SEN. CORNYN: Well, it's- it is- he's been charged with abuse of power, which is not treason, which is not bribery, which is not a high crime and misdemeanor. So, this is the first time in history where a president has been impeached for a non-crime for events that never occurred. Ultimately, the investigation never took place and ultimately the- their aid was delivered. 

MARGARET BRENNAN: Well--

SEN. CORNYN: This is really unique, and I think every senator is going to take this very seriously.

MARGARET BRENNAN: Well, that- that is certainly what the- the White House is arguing. But I want to ask you about the legal brief that Democrats did submit. It included a number of things, including documents that have been revealed recently by Lev Parnas, an indicted business associate of Rudy Giuliani. Among them, a letter that says that Rudy Giuliani himself was acting with the approval and knowledge of the president when he was reaching out to the president of Ukraine. Should all of these items be admissible during trial?

SEN. CORNYN: Well, as you know, MARGARET, I was a judge for 13 years in- in state courts and in no court in America would that kind of hearsay be admissible. But having said that, I would be--

MARGARET BRENNAN: It's a letter from Rudy Giuliani. 

SEN. CORNYN: Well, I would be careful before crediting the veracity of somebody who is under indictment in New York, the southern district of New York, and who's trying to get leniency from the prosecutor and who has ties to Russian oligarchs. 

MARGARET BRENNAN: Well, yeah, he--

SEN. CORNYN: The Russians--

MARGARET BRENNAN: --exactly, but--

SEN. CORNYN: --had a lot to do with our elections and disinformation campaigns, and this could be part of that.

MARGARET BRENNAN: And you certainly would have knowledge, since you're on Senate intelligence on that. But given what you're saying are Lev Parnas' ties to Russian oligarchs, which is often shorthand for Russian mafia, doesn't it trouble you that he was working so closely with Rudy Giuliani, who is acting on the president's behalf and saying he was acting on the president's behalf?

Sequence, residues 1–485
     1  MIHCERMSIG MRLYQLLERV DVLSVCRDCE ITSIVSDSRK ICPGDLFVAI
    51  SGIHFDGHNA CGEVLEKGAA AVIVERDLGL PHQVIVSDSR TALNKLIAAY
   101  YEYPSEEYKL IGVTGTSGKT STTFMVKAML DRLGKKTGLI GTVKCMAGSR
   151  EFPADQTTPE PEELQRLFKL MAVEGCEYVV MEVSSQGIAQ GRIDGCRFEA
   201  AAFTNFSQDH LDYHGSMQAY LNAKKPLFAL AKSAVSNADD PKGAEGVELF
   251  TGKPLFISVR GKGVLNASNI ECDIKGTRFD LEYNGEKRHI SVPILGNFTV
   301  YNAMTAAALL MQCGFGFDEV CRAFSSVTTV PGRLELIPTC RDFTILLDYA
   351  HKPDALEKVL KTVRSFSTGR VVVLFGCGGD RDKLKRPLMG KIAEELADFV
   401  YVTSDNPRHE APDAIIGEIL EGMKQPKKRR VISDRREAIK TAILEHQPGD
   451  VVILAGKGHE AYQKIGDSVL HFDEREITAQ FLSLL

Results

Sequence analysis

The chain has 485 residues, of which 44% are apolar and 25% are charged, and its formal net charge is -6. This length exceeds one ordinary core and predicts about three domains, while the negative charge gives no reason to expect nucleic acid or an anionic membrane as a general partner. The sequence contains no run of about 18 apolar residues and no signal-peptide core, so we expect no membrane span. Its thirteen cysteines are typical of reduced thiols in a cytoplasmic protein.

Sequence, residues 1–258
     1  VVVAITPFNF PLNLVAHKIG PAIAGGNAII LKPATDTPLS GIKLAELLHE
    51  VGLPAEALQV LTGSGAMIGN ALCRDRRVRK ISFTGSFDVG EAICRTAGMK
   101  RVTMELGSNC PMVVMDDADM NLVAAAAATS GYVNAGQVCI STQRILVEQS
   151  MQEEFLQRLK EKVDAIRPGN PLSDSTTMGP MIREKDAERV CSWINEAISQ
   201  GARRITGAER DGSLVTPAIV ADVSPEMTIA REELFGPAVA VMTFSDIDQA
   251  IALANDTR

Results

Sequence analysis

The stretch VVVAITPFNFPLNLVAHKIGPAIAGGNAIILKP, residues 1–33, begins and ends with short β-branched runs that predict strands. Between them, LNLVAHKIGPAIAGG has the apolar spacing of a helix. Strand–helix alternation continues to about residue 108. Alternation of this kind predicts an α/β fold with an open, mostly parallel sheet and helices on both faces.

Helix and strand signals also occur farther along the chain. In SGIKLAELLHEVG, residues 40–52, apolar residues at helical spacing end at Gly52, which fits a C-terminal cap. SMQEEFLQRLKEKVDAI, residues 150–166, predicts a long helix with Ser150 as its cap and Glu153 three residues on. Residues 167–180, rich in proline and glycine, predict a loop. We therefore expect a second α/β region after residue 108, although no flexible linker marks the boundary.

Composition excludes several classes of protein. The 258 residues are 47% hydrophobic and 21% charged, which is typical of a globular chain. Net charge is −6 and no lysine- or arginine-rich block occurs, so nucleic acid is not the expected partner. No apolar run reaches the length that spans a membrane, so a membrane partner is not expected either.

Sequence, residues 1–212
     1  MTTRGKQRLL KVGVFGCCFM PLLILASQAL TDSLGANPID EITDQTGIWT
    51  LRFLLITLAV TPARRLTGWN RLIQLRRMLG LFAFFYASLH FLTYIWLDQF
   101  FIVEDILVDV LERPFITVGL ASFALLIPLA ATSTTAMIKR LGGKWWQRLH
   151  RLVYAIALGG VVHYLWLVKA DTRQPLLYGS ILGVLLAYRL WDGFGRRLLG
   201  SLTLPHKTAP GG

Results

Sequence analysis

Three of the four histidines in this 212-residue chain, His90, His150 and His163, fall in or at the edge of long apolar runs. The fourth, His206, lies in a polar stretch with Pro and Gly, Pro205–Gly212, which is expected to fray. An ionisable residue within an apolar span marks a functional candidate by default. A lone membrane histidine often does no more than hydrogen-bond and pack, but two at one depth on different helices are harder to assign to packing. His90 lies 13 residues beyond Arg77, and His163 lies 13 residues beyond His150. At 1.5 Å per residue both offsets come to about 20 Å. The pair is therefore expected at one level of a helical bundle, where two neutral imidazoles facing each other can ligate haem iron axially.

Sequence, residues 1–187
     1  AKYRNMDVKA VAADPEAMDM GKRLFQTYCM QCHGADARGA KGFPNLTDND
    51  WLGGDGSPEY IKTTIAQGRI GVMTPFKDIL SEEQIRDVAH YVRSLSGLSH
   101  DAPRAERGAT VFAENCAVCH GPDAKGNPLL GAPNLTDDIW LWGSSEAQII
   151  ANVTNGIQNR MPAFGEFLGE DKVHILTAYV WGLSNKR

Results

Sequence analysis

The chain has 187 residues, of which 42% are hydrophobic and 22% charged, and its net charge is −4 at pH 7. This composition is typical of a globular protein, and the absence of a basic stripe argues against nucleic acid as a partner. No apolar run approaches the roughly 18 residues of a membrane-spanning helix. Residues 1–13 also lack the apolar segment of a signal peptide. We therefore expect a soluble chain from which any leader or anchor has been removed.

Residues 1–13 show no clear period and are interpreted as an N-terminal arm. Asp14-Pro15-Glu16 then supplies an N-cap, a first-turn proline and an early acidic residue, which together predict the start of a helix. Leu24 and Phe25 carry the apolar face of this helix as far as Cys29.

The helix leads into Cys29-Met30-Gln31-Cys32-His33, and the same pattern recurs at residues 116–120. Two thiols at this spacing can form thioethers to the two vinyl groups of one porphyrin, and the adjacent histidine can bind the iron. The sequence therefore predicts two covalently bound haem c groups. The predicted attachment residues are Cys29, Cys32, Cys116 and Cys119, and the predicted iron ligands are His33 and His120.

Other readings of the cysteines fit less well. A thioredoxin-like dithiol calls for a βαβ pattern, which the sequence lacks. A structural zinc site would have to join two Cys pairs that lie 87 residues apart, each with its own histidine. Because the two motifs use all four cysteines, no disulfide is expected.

SEN. CORNYN: Well, there's no question that there have been a- a series of grifters and other hangers on that have associated themselves with the president's campaign or claimed to have special relationships with the president. But this is not the issue that the Senate's going to be deciding. We'll take the issue of evidence as it comes. If the impeachment managers want to rest their case on the credibility of somebody who's under indictment in the Southern District of New York with extensive ties to Russian oligarchs and organized crime, as you point out, then that's their choice. 

MARGARET BRENNAN: Is Congress going to investigate, should they investigate what was going on with Ambassador Marie Yovanovitch who, according to these documents released by Lev Parnas, appears to have been under surveillance?

SEN. CORNYN: I'm sure that will happen. And I know the Ukrainian government has asked for some help in- in some of this investigation. But as you point out, I've been a member of the Senate Intelligence Committee during the three year plus investigation into the Russian active measures campaign. We know that Ukraine was plagued with corruption. We know of the ties between Ukraine and- and Russian oligarchs, which are proxies for Vladimir Putin. And so, that's why I think we need to approach all of this with a little bit of caution and make sure we have our facts right and make sure we know about the credibility problems that some of these purported witnesses have before we take it at face value.

MARGARET BRENNAN: But these text messages, are you saying there's reason not to believe that she was indeed being surveilled or potentially at risk?

SEN. CORNYN: Yeah, I just don't know the answer to that. I would say I'd- I'd say anything is possible in this- in this smarmy environment in Ukraine and- and- and- and in Russia.

MARGARET BRENNAN: Do you have questions for Rudy Giuliani about any of this?

SEN. CORNYN: Not relative to the impeachment. I just, you know, that's- that's a relationship that causes many of us to sort of scratch our heads. But I'd say he's not relevant to the articles and what the Senate's gonna be asked to do, impeaching a president for the third time in American history for a non-crime over events that never occurred. 

MARGARET BRENNAN: Senator Cornyn, thank you. And we'll be back in one minute with former director of the National Economic Council, Gary Cohn. Stay with u